Remove the feature updates for Windows 10

Once a year, Windows 10 releases a feature update. Microsoft extensively tests these updates on various hardware setups before releasing them, and it only does so when it has determined that your hardware is suitable. Windows provides a rollback option because issues do still arise.

A large update may only be uninstalled after 10 days of installation, so act quickly if you believe it may have broken your machine. Microsoft deletes the outdated files after 10 days in order to free up space on your hard drive, and you are unable to roll back.

Go to Settings > Update & Security > Recovery, then scroll down to Go Back to the Previous Version of Windows 10 to delete a feature update. To begin the uninstallation procedure, click the Get Started button.

If the option cannot be clicked, your 10 days may have already expired or you may have deleted the old data using Disk Cleanup, making it impossible to roll back changes. Use your system backup if you have one right away.

Windows 11 to Windows 10 downgrade

Microsoft provides you 10 days to downgrade back to Windows 10 as if nothing had happened if you recently upgraded to Windows 11 but discover that the OS has problems. In the new version of Windows, select Settings > System > Recovery, then click the Go Back button.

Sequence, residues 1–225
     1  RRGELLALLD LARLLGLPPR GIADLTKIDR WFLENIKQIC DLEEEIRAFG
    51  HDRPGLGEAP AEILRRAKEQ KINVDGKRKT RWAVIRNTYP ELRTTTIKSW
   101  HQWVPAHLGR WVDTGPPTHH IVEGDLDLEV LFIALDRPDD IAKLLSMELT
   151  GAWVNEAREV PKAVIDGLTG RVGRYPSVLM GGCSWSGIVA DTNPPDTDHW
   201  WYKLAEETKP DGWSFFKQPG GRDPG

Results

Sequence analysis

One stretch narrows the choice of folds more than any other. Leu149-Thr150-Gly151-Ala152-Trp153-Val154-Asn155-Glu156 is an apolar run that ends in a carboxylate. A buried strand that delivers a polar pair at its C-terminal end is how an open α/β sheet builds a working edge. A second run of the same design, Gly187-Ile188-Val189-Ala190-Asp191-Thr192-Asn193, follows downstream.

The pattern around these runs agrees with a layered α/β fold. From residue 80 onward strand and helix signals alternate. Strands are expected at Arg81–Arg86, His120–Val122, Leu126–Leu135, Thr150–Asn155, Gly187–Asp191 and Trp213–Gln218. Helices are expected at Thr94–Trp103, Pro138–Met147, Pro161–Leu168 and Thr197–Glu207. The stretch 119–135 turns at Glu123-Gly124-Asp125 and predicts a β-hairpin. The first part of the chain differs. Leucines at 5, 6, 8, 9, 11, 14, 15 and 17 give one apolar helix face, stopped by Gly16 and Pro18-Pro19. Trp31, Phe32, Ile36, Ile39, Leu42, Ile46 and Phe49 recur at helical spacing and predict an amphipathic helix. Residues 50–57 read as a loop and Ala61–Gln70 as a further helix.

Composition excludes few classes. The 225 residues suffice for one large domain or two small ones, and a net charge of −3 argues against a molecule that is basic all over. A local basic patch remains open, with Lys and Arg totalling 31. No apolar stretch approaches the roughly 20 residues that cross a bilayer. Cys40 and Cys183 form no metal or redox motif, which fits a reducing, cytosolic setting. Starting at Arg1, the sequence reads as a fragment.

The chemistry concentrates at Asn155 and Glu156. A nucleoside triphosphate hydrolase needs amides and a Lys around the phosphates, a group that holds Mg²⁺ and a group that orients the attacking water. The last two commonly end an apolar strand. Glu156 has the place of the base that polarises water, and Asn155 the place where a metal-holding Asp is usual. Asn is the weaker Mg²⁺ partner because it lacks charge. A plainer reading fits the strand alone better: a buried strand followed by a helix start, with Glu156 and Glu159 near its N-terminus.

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Microsoft will inquire as to why you want to return and provide you the option to update Windows 11 in an effort to address any problems. Follow the wizard’s instructions until Windows restarts and your old installation of Windows 10 appears.

The 10-day window has either elapsed or you may have already deleted the old files if the Go Back button is grayed out. Your only choice in this situation would be to restore Windows 10 from a system backup.

If Windows Won’t Boot Up on Your Computer at All

After applying an update, Windows should automatically try to roll itself back if you can’t even boot into Windows to follow the above instructions, even in Safe Mode. However, if it doesn’t work, you do have one more choice (before restoring from that backup you definitely have).

When your computer starts up, hold down the power button to switch it off and then back on. (Opens in a new window) Similar to when you boot into Safe Mode, this ought to bring up Windows’ recovery options. Just this time, select Uninstall Updates under Troubleshoot > Advanced Options.

This will give you the chance to choose between uninstalling the most recent Quality Update or Feature Update, which should enable you to restart Windows in a secure manner.

We still advise trying the methods in the aforementioned sections first because it doesn’t provide you with a list of recent updates the way Control Panel does. This recuperation strategy is a last-ditch effort if all else fails.

Melissa Valentini

I am a journalist graduated from the University of New York. In addition, I write short stories and chronicles as a hobby. I currently write for the Techeneis.